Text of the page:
1/2 cup rice wine vinegar
2 tablespoons sugar
2 teaspoons kosher salt
1 small seedless cucumber
1 medium carrot
1 small jicama
1 large green papaya, peeled, halved (seeds discarded)
1 teaspoon fresh lemon juice
2 teaspoons chopped fresh cilantro
1 teaspoon canola oil
1 ounce rice vermicelli noodles
6 8 1/2-inch Vietnamese dried rice spring roll wrappers
8 leaves Bibb lettuce, torn into smaller pieces, ribs removed Peanut Dipping Sauce (see below)

1.  In a small saucepan, combine the vinegar, sugar, and 1 teaspoon of the salt. Cook, stirring, over medium heat until the sugar dissolves, 1 to 2 minutes. Remove from the heat. Set aside and let cool completely.

2.  Slice the cucumber lengthwise using a mandoline or a chef's knife into long 1/8-inch-thick strips. Cut each strip lengthwise into 1/8-inch-wide pieces. Slice the carrot and the jicama lengthwise in the same way. Reserve. Cut the papaya lengthwise into 1/8-inch-wide pieces. In a large bowl, combine the cucumber, carrot, jicama, and papaya. Toss gently with the reserved vinegar mixture, lemon juice, and cilantro. Set aside.

3.  Bring a medium pot of water to a boil. Add the canola oil, noodles, and the remaining teaspoon of salt. Boil until the noodles are tender, about 2 minutes. Drain and rinse under cold water. Leave the noodles in cool water until ready to use, so they won't stick together.

4.  Just before filling the rolls, transfer the vegetable mixture to a colander to drain. Gently press out the liquid. Drain the noodles and arrange them on a baking sheet, loosely covered with a damp paper towel.

5.  To assemble: Set up a large shallow bowl of very hot water. Slip a spring roll wrapper into the water. When the wrapper becomes pliable, after about 45 seconds, remove it from the water and lay it flat on a paper towel. Place 2 to 3 pieces of lettuce on the bottom half of the wrapper. Arrange 1/4 packed cup of vegetables over the lettuce. Spread out 1 heaping tablespoon of the noodles over the vegetables. Roll the wrapper up, tucking in the ends as you roll and rolling tightly as possible. Repeat this procedure with the remaining wrappers. Trim off the ends of the rolls. Cut each roll in half in the middle. Then cut each of the 2 halves into 2 pieces on an angle to make a total of 4 pieces. Continue with the remaining rolls. Stand the rolls flat on their ends and serve with Peanut Dipping Sauce.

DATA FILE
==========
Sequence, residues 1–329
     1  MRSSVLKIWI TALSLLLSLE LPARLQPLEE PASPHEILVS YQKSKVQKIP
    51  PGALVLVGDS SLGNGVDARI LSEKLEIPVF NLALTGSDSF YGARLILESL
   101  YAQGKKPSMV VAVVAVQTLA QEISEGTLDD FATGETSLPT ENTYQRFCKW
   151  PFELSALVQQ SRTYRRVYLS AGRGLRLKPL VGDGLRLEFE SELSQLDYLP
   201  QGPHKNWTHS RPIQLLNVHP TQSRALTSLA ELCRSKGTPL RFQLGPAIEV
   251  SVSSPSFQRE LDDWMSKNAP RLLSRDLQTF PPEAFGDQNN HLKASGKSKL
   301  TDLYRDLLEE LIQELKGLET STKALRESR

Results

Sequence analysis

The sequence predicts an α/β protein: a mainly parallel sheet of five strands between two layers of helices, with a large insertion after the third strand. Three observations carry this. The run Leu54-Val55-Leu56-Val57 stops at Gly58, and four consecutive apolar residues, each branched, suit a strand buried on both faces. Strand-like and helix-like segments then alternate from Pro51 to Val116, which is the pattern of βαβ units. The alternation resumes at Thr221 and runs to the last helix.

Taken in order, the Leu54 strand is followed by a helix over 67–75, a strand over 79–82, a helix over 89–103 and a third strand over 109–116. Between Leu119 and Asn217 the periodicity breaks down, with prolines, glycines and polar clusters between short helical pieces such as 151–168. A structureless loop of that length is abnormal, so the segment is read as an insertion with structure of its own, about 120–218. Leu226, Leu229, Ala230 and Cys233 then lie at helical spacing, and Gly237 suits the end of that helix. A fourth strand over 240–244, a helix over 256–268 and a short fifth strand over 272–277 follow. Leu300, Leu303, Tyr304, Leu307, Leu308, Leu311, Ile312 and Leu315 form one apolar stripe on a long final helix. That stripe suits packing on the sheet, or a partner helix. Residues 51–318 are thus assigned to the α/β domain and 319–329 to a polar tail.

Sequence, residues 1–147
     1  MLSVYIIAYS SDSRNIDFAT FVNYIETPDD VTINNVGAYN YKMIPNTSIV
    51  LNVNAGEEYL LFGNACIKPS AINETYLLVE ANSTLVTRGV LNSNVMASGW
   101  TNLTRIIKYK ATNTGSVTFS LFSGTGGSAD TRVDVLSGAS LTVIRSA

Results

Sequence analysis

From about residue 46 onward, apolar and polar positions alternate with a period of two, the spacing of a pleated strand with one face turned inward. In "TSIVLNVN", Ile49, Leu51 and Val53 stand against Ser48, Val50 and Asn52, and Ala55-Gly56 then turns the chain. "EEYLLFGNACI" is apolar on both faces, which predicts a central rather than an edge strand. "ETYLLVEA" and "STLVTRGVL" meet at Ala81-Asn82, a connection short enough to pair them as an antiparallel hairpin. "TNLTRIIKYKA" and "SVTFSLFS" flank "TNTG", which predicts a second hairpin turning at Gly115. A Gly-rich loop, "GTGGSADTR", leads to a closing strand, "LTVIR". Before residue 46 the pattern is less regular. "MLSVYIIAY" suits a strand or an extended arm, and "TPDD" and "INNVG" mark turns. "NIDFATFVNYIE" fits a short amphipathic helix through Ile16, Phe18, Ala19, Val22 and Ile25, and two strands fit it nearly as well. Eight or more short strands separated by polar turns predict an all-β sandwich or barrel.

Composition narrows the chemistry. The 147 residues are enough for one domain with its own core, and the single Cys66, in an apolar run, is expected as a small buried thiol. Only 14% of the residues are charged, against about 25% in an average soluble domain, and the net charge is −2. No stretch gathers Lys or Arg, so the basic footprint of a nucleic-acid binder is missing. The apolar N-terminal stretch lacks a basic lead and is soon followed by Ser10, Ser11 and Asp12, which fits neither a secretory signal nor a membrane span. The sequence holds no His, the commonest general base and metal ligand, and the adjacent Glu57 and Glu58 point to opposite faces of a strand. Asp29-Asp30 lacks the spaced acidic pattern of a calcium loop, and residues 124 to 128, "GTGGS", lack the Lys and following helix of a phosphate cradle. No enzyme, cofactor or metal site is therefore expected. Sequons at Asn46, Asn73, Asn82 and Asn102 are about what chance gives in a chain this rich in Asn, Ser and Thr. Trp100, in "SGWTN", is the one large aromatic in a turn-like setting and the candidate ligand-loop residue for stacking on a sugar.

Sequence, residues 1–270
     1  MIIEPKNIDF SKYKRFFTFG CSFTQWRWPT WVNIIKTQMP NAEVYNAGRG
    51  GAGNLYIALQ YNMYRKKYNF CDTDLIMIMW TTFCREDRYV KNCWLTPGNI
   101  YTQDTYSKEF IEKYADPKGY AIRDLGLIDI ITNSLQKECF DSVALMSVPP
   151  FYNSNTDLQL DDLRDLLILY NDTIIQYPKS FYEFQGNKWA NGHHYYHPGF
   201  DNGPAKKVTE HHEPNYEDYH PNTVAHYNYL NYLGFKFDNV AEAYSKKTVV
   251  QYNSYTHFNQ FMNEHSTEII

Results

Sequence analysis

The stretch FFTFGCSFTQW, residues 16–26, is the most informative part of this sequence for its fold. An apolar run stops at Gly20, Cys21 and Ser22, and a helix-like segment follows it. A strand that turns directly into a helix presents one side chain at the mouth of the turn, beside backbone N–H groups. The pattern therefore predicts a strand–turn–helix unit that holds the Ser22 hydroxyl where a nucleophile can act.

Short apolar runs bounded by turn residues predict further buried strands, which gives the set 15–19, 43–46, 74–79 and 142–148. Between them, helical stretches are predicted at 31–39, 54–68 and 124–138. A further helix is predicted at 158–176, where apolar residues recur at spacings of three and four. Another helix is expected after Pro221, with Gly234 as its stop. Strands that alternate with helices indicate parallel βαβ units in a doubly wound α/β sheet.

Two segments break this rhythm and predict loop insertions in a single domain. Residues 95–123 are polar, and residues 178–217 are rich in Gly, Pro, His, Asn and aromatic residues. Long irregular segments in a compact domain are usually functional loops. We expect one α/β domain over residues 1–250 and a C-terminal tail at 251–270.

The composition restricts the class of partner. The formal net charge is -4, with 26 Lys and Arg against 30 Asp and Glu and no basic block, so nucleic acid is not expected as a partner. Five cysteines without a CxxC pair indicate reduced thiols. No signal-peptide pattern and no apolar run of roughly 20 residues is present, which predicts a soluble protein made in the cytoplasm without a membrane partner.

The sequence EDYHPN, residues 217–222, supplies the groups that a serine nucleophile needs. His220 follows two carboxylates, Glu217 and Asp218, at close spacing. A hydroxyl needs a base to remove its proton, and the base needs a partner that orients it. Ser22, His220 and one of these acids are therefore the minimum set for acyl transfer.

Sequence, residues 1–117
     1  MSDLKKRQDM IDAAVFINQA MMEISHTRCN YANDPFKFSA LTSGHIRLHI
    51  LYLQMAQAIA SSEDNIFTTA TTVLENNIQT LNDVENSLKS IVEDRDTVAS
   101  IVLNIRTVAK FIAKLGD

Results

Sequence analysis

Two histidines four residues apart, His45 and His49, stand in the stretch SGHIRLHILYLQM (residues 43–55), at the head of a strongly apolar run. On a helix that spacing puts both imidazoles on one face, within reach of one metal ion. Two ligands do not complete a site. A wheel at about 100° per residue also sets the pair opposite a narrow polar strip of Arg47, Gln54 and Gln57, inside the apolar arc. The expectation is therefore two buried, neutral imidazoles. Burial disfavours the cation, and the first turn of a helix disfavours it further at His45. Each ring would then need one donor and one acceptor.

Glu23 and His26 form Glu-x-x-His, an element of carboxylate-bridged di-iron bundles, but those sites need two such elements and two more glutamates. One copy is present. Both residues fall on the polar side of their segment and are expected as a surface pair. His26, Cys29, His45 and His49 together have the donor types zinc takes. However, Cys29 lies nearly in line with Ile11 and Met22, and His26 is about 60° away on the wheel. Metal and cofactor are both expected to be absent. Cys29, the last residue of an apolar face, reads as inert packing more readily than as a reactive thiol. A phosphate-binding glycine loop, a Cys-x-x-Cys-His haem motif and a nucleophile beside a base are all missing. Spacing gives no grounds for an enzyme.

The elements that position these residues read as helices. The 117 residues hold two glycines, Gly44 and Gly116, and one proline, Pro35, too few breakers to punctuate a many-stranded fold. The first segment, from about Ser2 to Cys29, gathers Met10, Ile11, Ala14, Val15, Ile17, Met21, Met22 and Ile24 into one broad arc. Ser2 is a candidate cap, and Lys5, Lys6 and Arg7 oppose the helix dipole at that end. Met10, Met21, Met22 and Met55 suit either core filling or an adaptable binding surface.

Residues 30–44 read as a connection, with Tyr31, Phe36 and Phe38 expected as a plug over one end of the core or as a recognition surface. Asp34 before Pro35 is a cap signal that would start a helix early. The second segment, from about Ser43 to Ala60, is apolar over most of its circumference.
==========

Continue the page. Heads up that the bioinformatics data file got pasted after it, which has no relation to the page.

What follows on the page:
Peanut Dipping Sauce Makes 1 cup

Thin this sauce with warm water if it is too thick to lightly coat the Jicama and Green Papaya Summer Rolls.

2 tablespoons peanut oil
1 small onion, finely chopped to yield 1/2 cup
2 garlic cloves, minced
1 1/2 teaspoons chili paste
1/2 teaspoon curry powder
2 teaspoons kosher salt
1/4 cup smooth peanut butter
1/4 cup unsweetened coconut milk
2 teaspoons white wine vinegar
2 tablespoons packed dark brown sugar
1/4 cup coarsely chopped roasted unsalted peanuts
1/4 cup boiling water

1.  Heat the oil in a medium skillet over medium heat. Add the onions and garlic and cook until translucent, 3 to 5 minutes. Add the chili paste, curry powder, and salt. Stir to combine. Stir in the peanut butter, coconut milk, vinegar, brown sugar, and 2 tablespoons of warm water. Stir well and bring to a simmer. Let simmer for 1 to 2 minutes, stirring, until the sauce thickens and the peanut butter dissolves.

2.  Add 2 tablespoons of the peanuts to the sauce and then transfer it to a blender. Blend until smooth, adding 2 to 4 tablespoons of boiling water to help the sauce emulsify. Transfer it to a bowl. Let cool to room temperature. Before serving, garnish with the remaining peanuts. The sauce may be made 1 day ahead and refrigerated in an airtight container. (Press plastic wrap directly on top of the sauce to prevent a skin from forming.) Bring the sauce back to room temperature for 1 hour before serving.